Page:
Considering environmental practices as a strong consumer value, you can expand your operations while remaining sustainably aware. Purpose-built containers have long been used as extensions for businesses. However, the benefits of this space can also help meet your environmental goals. Here, we look at why purpose-built containers are the solution for your sustainable business. 

Less is more

Purpose-built containers can add a lot to a business. But it is actually what they take away which makes them so environmentally friendly. According to WRAP, the UK construction sector uses 400 million tonnes of materials and generates 100 million tonnes of waste every year. This waste contributes to over a third of the UK’s total waste. The evidence suggests that construction is currently operating at unsustainable levels.

Containers can reduce the amount of waste generated by minimising the types of materials used in their simple yet effective design. The steel walls are fabricated to minimise waste, each being designed and cut to size. Any excess materials can contribute to the construction of another container. A typical 20 ft container may only weigh about 2,230 kilograms, meaning that the weight of materials is lower than purpose-built brick and mortar spaces.

The benefits of this are overwhelming for businesses. Money can be saved on both material cost and constructing heavier-bearing foundations. To further meet your environmental goals, this saved money can be diverted into other sustainable investment funds.

Purpose-built containers can also save space. Condensing your working environment into a container helps protect the natural environment too. This means that natural habitats are not disturbed by the construction of larger industrial spaces.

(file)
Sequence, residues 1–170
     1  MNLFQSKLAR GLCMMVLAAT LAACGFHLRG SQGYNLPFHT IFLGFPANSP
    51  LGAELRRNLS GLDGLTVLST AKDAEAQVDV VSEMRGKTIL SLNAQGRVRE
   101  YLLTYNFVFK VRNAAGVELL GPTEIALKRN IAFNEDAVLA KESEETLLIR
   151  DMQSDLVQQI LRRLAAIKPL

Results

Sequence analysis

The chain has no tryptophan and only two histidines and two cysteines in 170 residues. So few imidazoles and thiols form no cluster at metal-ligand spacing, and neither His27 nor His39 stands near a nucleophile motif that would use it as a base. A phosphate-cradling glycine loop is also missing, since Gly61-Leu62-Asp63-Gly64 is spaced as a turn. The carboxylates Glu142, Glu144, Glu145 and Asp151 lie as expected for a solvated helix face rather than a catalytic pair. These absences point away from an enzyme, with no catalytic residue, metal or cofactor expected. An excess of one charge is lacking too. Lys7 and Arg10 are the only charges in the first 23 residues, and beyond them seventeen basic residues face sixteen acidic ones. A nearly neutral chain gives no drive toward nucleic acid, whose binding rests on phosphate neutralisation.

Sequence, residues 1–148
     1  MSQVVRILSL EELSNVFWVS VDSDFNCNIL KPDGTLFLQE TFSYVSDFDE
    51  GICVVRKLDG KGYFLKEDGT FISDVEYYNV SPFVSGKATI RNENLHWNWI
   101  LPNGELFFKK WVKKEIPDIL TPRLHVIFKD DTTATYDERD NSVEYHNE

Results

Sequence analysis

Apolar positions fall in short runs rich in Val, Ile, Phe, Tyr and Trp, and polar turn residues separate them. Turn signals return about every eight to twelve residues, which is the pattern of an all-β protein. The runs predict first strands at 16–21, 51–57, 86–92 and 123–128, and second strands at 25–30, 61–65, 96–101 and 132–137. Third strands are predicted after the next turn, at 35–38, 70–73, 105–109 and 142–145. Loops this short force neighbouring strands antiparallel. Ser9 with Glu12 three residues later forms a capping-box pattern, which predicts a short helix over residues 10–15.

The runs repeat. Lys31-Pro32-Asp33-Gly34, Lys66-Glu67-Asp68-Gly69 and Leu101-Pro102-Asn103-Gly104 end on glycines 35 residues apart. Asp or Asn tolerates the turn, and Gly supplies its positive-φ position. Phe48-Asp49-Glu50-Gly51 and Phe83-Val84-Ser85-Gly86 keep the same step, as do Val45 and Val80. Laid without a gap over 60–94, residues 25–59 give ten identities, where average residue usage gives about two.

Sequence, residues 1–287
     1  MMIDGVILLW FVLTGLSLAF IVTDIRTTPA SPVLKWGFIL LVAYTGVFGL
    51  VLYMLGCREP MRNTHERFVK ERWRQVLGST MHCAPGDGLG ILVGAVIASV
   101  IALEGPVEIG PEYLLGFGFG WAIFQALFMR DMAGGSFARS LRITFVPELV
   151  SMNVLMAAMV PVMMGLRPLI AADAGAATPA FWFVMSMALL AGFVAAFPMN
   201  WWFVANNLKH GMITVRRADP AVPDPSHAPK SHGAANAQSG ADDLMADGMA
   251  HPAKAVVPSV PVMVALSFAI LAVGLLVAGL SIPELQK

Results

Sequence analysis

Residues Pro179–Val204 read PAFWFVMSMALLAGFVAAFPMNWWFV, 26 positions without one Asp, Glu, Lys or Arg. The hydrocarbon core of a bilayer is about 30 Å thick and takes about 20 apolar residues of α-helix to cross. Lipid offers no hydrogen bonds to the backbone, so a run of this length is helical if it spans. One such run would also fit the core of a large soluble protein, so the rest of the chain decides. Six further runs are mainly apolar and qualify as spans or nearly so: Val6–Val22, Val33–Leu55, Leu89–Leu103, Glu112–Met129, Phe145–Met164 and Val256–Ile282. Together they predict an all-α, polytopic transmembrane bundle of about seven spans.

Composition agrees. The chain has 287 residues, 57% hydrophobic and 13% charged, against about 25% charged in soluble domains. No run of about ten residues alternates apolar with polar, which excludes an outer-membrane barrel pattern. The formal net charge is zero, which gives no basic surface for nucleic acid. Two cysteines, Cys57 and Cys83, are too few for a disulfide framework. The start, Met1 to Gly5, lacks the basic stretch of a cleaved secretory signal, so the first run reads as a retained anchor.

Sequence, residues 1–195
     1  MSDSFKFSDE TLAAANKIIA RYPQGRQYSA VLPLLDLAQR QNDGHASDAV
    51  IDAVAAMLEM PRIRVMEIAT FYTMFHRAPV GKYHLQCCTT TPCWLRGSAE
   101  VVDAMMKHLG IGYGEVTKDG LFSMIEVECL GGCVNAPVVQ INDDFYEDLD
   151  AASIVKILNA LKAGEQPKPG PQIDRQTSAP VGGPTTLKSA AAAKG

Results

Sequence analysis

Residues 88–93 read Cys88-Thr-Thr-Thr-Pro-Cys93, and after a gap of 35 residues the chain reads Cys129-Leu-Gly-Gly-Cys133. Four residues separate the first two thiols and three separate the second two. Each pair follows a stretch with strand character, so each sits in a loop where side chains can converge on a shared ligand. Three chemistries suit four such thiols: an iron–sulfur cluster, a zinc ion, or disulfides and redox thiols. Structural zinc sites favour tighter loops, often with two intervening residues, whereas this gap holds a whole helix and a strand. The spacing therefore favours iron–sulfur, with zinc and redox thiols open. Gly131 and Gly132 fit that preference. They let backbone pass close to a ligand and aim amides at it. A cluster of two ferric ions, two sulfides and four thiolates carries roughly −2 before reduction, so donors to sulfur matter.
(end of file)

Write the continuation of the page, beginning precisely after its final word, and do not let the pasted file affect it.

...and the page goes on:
Energy conservation

Purpose-built containers can benefit your business through energy conservation. Containers can be easily insulated, meaning that temperature is regulated during both hot and cold seasons. Fuel needs are also minimised, as the confined space of the container means that not as much energy is needed to climate control work area.

Containers can also help with your investments in renewable energy. The simple design of the container means that solar panels can be mounted on the roof of your repurposed space. The energy from which can be used to power electrical essentials within your new space. Using renewable energy is the most proactive way for a business to meet its environmental goals. It is also a visible sign for customers that your business is dedicated to sustainable practices.

Longevity and reusability

One concern that businesses may have with purpose-built containers is their longevity. However, this issue is ill-founded. In fact, containers used for retail or industrial space can last around 30 years. Hard-wearing materials such as steel are coated with zinc paint coat, slowing the process of rusting. Erosion is also less likely than one would expect with brick-and-mortar spaces. 

The solid structure of these containers mean that your business can rest assured that its space is protected from the elements. Reducing repairs can help to combat issues with sustainability and will contribute towards your environmental goals.